Precision public health is key to closing the global TB care seeking gap

Why do people not seek care when they have symptoms suggestive of TB?

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Study Findings: Employed men do not seek care because of low-risk perception and time constraints

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Implications: We must bring the right TB interventions to the right people at the right time

Global TB programs should adopt a user-centric, precision public health approach that can increase care-seeking and close the TB gap. This means moving beyond a one-size-fits-all approach to target specific groups with specific interventions that address their identified barriers. This approach is based on asking three key questions that apply to nearly every public health program:

  1. How and where to reach them? We need to reach people where they are. Depending on the context, this may include congregate settings such as communities, churches, and workplaces or targeting them through mobile phones. In Chennai, given the highly mobile nature of target groups, CHAI and Surgo are partnering with the government to pilot innovative digital channels and target new in-person settings to reach presumptive TB patients. Through these channels, we will explore targeted interventions such as customized messages to encourage care-seeking and tools to provide information on convenient TB services. This will include the ability to schedule appointments and/or receive reminders to go and seek care.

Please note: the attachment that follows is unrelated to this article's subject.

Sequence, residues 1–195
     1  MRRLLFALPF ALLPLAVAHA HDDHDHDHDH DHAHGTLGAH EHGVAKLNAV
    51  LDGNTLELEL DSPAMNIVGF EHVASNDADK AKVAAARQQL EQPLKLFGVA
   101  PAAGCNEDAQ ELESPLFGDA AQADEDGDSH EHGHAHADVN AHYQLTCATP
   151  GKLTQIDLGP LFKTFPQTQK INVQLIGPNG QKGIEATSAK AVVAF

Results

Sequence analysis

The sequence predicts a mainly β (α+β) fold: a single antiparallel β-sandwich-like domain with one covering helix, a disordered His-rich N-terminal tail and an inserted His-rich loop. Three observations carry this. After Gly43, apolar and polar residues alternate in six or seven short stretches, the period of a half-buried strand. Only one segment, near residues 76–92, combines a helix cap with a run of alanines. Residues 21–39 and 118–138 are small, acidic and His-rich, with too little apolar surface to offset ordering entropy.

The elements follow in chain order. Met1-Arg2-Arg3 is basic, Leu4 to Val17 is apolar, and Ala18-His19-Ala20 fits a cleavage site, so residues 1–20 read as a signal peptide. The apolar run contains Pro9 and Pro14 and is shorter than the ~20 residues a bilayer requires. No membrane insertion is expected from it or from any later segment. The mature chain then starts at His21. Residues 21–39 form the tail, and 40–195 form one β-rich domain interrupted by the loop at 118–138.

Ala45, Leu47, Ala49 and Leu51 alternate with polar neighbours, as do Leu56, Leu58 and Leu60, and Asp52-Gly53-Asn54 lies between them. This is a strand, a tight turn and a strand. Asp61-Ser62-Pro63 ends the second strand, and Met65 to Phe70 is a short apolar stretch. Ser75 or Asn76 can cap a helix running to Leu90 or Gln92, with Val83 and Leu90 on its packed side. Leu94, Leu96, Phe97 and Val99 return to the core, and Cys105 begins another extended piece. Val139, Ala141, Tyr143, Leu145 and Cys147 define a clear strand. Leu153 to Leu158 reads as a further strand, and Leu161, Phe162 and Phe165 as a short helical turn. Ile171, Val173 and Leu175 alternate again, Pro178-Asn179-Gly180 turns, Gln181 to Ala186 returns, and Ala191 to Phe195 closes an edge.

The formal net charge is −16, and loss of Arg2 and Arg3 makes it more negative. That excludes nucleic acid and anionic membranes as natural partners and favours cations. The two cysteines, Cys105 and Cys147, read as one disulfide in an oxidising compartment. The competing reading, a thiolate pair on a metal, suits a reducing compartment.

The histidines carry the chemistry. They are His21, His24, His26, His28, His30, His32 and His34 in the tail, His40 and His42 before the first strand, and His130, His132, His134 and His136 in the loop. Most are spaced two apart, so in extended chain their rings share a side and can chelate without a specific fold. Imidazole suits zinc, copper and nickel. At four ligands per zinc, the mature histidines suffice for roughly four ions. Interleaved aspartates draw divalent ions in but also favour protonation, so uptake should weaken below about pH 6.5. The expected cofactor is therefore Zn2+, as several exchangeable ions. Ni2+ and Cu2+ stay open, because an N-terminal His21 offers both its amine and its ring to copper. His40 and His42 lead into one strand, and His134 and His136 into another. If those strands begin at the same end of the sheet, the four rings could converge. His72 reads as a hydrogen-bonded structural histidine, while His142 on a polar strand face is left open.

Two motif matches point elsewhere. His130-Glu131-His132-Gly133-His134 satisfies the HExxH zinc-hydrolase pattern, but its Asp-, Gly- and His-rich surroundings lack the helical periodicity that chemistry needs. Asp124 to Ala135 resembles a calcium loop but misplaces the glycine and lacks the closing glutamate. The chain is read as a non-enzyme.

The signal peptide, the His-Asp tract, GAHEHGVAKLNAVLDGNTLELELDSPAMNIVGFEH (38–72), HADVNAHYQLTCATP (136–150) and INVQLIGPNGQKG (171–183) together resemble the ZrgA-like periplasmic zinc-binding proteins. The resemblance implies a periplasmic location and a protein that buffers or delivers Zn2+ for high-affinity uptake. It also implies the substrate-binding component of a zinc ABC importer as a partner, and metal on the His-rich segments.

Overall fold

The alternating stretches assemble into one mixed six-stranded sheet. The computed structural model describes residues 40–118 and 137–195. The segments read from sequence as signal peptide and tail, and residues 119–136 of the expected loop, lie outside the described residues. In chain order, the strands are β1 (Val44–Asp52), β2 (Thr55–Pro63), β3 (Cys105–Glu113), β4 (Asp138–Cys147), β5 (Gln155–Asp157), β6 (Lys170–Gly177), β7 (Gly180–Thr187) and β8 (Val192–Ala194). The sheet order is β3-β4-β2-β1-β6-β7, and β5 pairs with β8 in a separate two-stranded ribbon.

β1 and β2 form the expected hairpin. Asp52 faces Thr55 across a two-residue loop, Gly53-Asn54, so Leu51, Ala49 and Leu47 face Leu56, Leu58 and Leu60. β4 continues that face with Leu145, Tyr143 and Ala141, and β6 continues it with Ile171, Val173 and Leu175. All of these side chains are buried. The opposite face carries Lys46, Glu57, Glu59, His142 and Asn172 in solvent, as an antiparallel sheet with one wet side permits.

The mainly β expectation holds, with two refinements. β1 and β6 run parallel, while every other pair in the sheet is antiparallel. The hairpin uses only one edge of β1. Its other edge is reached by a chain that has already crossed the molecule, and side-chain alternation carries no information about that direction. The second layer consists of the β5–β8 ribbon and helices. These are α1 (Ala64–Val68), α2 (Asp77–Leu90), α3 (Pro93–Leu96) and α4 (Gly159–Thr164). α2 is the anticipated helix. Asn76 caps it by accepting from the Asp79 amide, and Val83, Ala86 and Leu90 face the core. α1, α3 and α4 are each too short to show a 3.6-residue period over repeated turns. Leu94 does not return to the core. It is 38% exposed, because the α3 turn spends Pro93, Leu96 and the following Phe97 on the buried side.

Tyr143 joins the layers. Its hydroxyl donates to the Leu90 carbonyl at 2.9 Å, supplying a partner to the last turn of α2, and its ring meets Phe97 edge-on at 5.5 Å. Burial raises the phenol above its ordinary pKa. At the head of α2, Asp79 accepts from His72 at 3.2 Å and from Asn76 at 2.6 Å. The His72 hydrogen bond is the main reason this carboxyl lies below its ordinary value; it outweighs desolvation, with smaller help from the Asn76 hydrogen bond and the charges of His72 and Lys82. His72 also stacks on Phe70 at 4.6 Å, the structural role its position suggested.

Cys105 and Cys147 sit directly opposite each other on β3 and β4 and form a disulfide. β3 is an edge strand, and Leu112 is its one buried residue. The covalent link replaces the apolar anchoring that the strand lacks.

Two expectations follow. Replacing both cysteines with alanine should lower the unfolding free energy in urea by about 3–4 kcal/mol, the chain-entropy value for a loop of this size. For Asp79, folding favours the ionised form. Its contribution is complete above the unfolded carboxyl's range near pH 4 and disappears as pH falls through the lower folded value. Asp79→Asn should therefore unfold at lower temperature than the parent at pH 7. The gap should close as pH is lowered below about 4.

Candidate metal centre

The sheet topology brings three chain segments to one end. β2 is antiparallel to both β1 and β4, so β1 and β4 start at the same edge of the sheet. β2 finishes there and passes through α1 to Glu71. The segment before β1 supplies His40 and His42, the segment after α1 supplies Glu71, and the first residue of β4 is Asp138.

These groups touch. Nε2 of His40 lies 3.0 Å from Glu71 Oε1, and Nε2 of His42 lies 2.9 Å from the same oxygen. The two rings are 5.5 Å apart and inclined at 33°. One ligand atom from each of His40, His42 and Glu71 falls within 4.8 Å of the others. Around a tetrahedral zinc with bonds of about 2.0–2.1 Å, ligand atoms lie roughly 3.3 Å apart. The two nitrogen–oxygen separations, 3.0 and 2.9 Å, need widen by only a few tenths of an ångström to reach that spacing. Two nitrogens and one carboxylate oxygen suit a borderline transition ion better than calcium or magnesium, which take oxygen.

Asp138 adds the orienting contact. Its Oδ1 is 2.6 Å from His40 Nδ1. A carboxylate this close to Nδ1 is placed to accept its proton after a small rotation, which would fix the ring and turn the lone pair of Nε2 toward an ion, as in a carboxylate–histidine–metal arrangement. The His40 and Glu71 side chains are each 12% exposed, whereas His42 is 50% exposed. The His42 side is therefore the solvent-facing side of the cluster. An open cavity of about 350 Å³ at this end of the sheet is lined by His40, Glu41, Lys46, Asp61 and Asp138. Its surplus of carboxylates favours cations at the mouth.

2. With what services? In addition to routine services, we need to make it as easy and convenient as possible to seek care. Taking a customer-centric approach could include door-to-door services, weekend and after-hours services, and workplace screenings. It would require a shift from largely facility-centric models to more flexible, decentralized, community-based service. In the era of COVID-19 and social distancing, digital entry points and telehealth can play a bigger role in target group mobilization and service provision. While telehealth is already being used for TB treatment and adherence counseling, it can also be a low-cost, remote alternative to conduct TB symptom screening, triage, and testing referrals.

Next Steps: Implement, measure, scale, and replicate

We see great potential in applying a precision public health approach for TB. In Chennai, we are currently designing and implementing approaches to target specific groups (employed men) with customized interventions using novel channels to meet them where they are, including digital means. We are also testing models for delivering convenient, and flexible TB screening and testing services that are available for them when they do seek care.

This work is a partnership between Surgo Foundation, Clinton Health Access Initiative, and the Greater Chennai Corporation.

Co-Authored by: Sema Sgaier, Co-Founder and Executive Director, Surgo Foundation, and Harkesh Dabas, CHAI Vice President and Country Director — India.

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